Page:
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Well, I generally use to ask this questions in interviews :) Although I don't know Swift but I can give you a general idea about to achieve this. You have to play with some trigonometry to get current direction vector according to your current angle. Here is the pseudo code. float speed = 0.01 void GameLoop() { // I don't know that how Vector2 works ...


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You will need a forward vector which represent the forward direction of your ship, and the velocity of your ship. // Stuff that you need (or already have) vec3 shipForwardVector; // This is according to your game infrastructure // and ship model; make it a unit vector. mat4 worldSpaceRotationMat; // assuming ship!.transform is only ...


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What you're referring to as spin is formally called angular momentum. Depending on the level of detail you want, it can get complicated fast; this Q/A on Simulating Torque and Angular Momentum might be a good starting point.


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In Unity, the inertia tensor is represented by a vector of the diagonal of the actual inertia tensor. That is to say, there are no off-diagonal elements in the inertia tensor. As Pieter mentioned, you need to think of the inertia tensor as the mass of the object. Once you do that, you can draw results from correspondence to linear equations. We all know that ...


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To be physical, you need to calculate friction based on the magnitude of your velocity. You can simply remove the if checks when calculating friction and store a "friction constant" instead of a "friction force." You are already essentially doing this because m_fFriction is a double and not a vector, you are just thinking about it wrong. The friction ...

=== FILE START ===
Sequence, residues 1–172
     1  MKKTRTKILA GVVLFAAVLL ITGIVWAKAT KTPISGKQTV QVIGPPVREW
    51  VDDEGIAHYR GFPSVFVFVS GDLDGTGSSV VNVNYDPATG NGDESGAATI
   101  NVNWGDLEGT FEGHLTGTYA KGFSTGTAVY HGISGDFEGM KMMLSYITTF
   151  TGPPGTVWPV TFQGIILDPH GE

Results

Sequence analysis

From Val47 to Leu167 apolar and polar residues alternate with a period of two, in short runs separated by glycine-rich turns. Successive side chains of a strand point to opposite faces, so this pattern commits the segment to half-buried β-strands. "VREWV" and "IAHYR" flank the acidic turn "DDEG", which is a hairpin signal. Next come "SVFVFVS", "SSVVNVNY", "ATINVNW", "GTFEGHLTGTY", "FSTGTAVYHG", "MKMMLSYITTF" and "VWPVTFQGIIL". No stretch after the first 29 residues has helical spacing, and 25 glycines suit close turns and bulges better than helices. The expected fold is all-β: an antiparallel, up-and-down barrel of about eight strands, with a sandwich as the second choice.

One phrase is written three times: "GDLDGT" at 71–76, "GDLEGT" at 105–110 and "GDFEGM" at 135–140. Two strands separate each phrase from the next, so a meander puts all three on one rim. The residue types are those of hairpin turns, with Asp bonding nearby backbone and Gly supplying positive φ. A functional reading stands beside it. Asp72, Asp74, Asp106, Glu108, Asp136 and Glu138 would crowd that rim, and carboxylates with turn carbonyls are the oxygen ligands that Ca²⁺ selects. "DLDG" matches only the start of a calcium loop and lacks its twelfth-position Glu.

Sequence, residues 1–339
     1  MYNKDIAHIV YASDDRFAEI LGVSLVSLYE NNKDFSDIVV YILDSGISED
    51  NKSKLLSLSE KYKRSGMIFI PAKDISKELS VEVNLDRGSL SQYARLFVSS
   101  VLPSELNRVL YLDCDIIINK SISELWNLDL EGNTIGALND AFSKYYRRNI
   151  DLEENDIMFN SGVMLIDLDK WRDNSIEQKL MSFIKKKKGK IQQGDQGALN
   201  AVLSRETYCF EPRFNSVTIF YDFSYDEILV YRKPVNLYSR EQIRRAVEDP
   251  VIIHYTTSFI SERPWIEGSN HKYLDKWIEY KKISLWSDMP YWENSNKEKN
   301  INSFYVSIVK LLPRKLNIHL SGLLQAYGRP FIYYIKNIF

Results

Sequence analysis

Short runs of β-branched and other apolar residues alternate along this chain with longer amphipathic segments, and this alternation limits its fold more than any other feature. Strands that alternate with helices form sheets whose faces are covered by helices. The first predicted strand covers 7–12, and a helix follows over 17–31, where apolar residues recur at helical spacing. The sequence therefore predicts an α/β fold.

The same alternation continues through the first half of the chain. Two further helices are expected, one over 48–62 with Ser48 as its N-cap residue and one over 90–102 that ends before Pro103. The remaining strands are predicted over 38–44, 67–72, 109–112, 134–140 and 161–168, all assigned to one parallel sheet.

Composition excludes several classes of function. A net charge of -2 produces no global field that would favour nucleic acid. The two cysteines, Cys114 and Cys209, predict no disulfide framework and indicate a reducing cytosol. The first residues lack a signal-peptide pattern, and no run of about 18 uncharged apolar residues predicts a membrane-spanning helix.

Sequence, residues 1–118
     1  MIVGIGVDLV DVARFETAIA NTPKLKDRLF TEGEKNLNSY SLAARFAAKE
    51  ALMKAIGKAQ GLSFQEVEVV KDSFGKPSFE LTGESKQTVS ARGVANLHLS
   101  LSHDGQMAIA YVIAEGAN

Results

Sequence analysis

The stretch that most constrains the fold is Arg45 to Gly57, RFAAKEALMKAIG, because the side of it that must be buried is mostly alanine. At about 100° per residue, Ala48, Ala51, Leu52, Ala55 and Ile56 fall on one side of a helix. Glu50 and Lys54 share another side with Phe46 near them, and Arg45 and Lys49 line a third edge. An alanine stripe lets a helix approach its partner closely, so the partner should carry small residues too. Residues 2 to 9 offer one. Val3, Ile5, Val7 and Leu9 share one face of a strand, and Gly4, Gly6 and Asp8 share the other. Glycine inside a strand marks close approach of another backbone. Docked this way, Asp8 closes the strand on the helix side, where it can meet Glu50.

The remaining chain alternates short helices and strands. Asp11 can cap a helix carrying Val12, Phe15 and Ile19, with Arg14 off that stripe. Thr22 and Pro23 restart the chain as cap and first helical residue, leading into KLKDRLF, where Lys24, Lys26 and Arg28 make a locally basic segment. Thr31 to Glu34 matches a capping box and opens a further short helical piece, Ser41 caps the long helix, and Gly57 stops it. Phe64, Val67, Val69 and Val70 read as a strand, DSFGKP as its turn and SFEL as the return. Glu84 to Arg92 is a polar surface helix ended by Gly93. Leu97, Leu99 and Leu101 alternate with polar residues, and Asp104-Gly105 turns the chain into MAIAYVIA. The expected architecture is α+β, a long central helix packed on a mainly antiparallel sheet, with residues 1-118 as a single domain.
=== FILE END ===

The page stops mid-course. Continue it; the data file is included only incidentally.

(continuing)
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From you code I can't tell what the ownerv vector is so I can't tell you why it's giving you the wrong result. But to do it from scratch, according to Wikipedia's article on vector projection, you can do the following; Create a vector a that is the direction from o to v. Create a vector b that is the direction from o to n. Let d be the dot product of a ...


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It looks like you're using acceleration in a weird way in your engine, so I can't give you a 100% fool-proof answer you can directly implement into your code, but I can take a shot at it. You'd want to apply your friction to your current speed, not your characters acceleration. Try to change your code to this instead: if( curVel.x > 0.0f ) curVel.x ...


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Generally, when using a vector2 to represent velocity, the length of the vector is the speed, while the coordinates represent the orientation (the direction of the speed). To extract the length of your velocity vector, use the .len() method of your vector: float speed = velocity.len(); This is described in the doc.


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Sounds like you're looking for the vector magnitude, also called (depending on context) its length, Euclidean norm, or Pythagorean Theorem. ie. speed = sqrt(dot(velocity, velocity)); As Alexandre Vaillancourt points out, in libGDX the len() method does exactly this. Other environments will almost always have an equivalent (eg. in Unity it's .magnitude) ...



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